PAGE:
Other thoughtful details include a two-prong 120-volt household-style power outlet on the cargo wall, while I also appreciated the two lights Honda housed within both sidewalls. The bed comes standard with grippy surfacing to aid stability when wet, while stepping up to it was less of a stretch with the door open thanks to a centre step on the rear bumper. Still, I would have appreciated some retractable corners steps for when the tailgate is lowered, or something along the lines of GM’s bumper-integrated CornerSteps.
Unusual for a pickup truck, the Ridgeline was so much fun to drive I actually noticed its lack of a sport mode and paddle shifters. It’s quick off the line, the 280 horsepower V6 producing 242 lb-ft of torque that feels like even more due to Honda’s Intelligent Variable Torque Management (i-VTM4) AWD system, the latter aiding handling too, especially in inclement weather. And yes, the Ridgeline feels a lot more like an SUV in the corners than a truck, plus it’s a lot easier to drive around town. Its ride is better too, especially over bumps or potholes at high speeds, this situation sometimes unsettling trucks with solid rear axles, potentially causing them to lose control. The Ridgeline, on the other hand, always felt in total control.
Its six-speed automatic transmission might seem a bit low on gears compared to the GM trucks’ eight-speed unit, but it matches the Toyota’s gearbox and one-ups Nissan’s antiquated five-speed, while delivering reasonably quick and always smooth shifts, adding to Honda’s ultimately refined pickup truck experience.
In the end, the Ridgeline is the ideal choice for those needing the functionality of a pickup truck yet still wanting the drivability, comfort and refinement of an SUV, not to mention best-in-class safety and best claimed V6 fuel economy of 12.8 L/100km city, 9.5 highway and 11.3 combined.
Truly, the Ridgeline is a best-of-both-worlds conveyance, and thanks to plenty of smart innovations it will continue to appeal to a smaller albeit more sophisticated light truck market.
If you call yourself a car enthusiast yet don’t have a place in your heart for the Honda Civic Si, you simply haven’t spent enough time with one. I don’t care if your personal means allow for an…
If you call yourself a car enthusiast yet don’t have a place in your heart for the Honda Civic Si, you simply haven’t spent enough time with one.
I don’t care if your personal means allow for an Audi RS, BMW M, Jaguar SVR, Mercedes-Benz AMG, or for that matter multiples from Aston Martin, Bentley, Ferrari, Lamborghini and McLaren, there’s something totally unique and extraordinarily special about the Civic Si, not to mention an enviable street and track heritage that spans decades.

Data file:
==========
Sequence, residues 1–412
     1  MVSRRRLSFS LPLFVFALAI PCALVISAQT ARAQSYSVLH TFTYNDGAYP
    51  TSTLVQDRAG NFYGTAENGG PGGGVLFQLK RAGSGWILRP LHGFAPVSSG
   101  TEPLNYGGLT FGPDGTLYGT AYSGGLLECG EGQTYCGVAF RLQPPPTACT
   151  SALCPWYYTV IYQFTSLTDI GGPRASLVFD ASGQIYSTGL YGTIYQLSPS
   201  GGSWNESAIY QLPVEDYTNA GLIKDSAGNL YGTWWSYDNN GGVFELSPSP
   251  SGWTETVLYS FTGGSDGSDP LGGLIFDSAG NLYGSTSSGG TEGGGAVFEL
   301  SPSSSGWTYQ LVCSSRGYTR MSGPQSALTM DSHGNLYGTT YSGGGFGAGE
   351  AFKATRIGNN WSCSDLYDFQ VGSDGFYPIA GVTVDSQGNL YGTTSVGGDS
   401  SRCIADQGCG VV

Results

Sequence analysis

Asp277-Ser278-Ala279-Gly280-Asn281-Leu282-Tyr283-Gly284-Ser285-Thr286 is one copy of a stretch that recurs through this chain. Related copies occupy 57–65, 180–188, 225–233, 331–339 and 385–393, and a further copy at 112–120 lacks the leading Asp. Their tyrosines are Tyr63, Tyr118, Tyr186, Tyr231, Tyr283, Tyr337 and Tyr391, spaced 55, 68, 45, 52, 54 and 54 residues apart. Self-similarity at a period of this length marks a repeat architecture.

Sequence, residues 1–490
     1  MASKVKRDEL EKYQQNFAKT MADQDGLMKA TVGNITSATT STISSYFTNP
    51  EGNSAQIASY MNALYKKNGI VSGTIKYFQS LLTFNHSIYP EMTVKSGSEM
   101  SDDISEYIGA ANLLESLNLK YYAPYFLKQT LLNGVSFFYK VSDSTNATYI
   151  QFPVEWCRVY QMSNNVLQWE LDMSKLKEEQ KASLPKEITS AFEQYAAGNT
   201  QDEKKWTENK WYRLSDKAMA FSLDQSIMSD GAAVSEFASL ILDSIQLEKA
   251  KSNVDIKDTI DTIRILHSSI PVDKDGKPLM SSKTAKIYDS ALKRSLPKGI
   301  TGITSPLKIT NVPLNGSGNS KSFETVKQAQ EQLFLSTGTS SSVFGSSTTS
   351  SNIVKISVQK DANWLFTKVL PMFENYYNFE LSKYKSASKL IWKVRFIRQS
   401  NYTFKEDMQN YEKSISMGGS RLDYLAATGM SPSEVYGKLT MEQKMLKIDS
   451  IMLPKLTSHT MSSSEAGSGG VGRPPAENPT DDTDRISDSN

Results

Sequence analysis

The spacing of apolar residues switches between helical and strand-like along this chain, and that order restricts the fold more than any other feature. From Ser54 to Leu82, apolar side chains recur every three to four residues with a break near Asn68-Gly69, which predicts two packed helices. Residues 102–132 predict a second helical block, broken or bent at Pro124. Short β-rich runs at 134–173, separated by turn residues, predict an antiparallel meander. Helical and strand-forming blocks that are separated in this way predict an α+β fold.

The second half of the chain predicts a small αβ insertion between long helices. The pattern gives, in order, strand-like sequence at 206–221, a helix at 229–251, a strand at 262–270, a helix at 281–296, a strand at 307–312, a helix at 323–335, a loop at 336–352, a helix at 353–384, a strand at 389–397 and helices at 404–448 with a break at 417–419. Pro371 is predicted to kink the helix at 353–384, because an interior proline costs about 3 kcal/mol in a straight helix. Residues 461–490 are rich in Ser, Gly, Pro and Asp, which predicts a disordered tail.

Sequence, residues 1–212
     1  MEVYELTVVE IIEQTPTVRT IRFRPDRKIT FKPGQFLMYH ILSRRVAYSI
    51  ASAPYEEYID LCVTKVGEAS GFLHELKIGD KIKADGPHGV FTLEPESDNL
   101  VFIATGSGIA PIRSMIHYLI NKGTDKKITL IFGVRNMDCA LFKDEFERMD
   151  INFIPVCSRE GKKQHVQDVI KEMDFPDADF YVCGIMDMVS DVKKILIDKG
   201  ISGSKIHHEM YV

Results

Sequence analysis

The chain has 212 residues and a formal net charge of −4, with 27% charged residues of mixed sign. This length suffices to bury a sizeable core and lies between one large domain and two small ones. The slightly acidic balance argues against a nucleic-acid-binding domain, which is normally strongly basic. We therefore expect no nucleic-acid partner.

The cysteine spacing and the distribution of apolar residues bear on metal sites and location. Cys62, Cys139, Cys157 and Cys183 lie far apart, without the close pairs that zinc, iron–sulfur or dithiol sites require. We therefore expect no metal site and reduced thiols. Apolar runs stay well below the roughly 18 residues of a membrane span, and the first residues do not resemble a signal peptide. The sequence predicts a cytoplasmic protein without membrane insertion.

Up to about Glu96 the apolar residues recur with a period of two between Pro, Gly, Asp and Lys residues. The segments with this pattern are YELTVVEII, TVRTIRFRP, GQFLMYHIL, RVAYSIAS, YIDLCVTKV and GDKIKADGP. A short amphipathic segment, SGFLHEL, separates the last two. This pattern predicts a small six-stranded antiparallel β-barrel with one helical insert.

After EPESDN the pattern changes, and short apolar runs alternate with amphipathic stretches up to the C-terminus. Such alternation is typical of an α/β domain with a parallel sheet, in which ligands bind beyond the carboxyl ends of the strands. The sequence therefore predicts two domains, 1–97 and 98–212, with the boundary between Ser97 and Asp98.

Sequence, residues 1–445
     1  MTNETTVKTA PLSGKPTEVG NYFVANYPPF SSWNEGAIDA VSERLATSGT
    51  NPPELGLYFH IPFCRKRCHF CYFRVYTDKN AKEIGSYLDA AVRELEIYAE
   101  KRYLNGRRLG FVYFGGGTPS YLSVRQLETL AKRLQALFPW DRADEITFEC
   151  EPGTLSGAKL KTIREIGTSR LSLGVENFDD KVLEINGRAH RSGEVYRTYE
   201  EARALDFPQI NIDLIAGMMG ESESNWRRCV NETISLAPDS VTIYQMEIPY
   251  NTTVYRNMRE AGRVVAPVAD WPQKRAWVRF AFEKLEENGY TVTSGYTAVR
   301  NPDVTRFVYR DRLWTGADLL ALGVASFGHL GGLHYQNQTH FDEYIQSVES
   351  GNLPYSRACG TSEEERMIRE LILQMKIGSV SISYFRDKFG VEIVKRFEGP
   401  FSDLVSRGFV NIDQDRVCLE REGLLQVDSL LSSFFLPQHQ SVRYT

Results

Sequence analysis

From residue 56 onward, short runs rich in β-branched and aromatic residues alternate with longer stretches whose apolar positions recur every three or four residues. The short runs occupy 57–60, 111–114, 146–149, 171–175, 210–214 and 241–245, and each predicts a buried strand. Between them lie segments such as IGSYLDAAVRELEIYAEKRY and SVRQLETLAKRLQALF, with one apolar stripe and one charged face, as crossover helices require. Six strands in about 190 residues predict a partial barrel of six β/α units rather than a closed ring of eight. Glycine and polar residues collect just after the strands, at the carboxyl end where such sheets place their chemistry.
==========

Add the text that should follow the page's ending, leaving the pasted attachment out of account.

In North America the Si name dates all the way back to 1985 when it was first introduced as a range-topping CRX, that short-lived model now a very collectable two-seat Civic-based coupe. This said the Si that initially won many of us over came along in 1986 as a special sport-tuned variant of the third-generation Civic Hatchback. Both models incorporated a 91 horsepower, 12-valve, SOHC, 1.5-litre four-cylinder engine driving the front wheels through a five-speed manual gearbox, which was a potent package for the era.
The Civic Si has been available for most model years ever since, growing in power and handling prowess while developing a devoted cult-like following amongst sport-compact fans. The most recent ninth-generation 2012–2015 Civic Si was available in Coupe and Sedan forms and as of 2014 boasted 205 horsepower and 174 lb-ft of torque from a 2.4-litre four-cylinder engine, also driving the front wheels albeit through a six-speed manual that many, including yours truly, consider one of the best of its type available.
Six forward speeds and an identical 205 horsepower rating remained when the completely redesigned 2017 Civic Si went on sale on May 19th of the same year, but its peak power arrives 1,300 rpm lower in the rev range at 5,700 rpm instead of 7,000, whereas maximum torque was increased by 18 lb-ft to 192, and starts 2,300 rpm earlier at 2,100 rpm compared to 4,400 in the old model, plus it’s sustained over 70 percent of the engine’s rev range. This makes it a much more tractable car at low revs, which is how most of us drive when going about our daily duties, while the new engine is also a much more capable performer when powering out of slow corners or tackling tight, circuitous auto cross or race courses, where most Si owners dream to be on weekends.
One single word is fully responsible for the boost in performance: Turbo. At just 1.5 litres, the engine is 900 cubic centimetres smaller than the outgoing 2.4-litre four-cylinder, but a turbocharger and direct injection, along with dual variable cam timing, allow for the performance improvements despite much better claimed fuel economy of 8.4 L/100km in the city, 6.2 on the highway and 7.4 combined, compared to 10.8 city, 7.6 highway and 9.4 combined with the old 2015 model.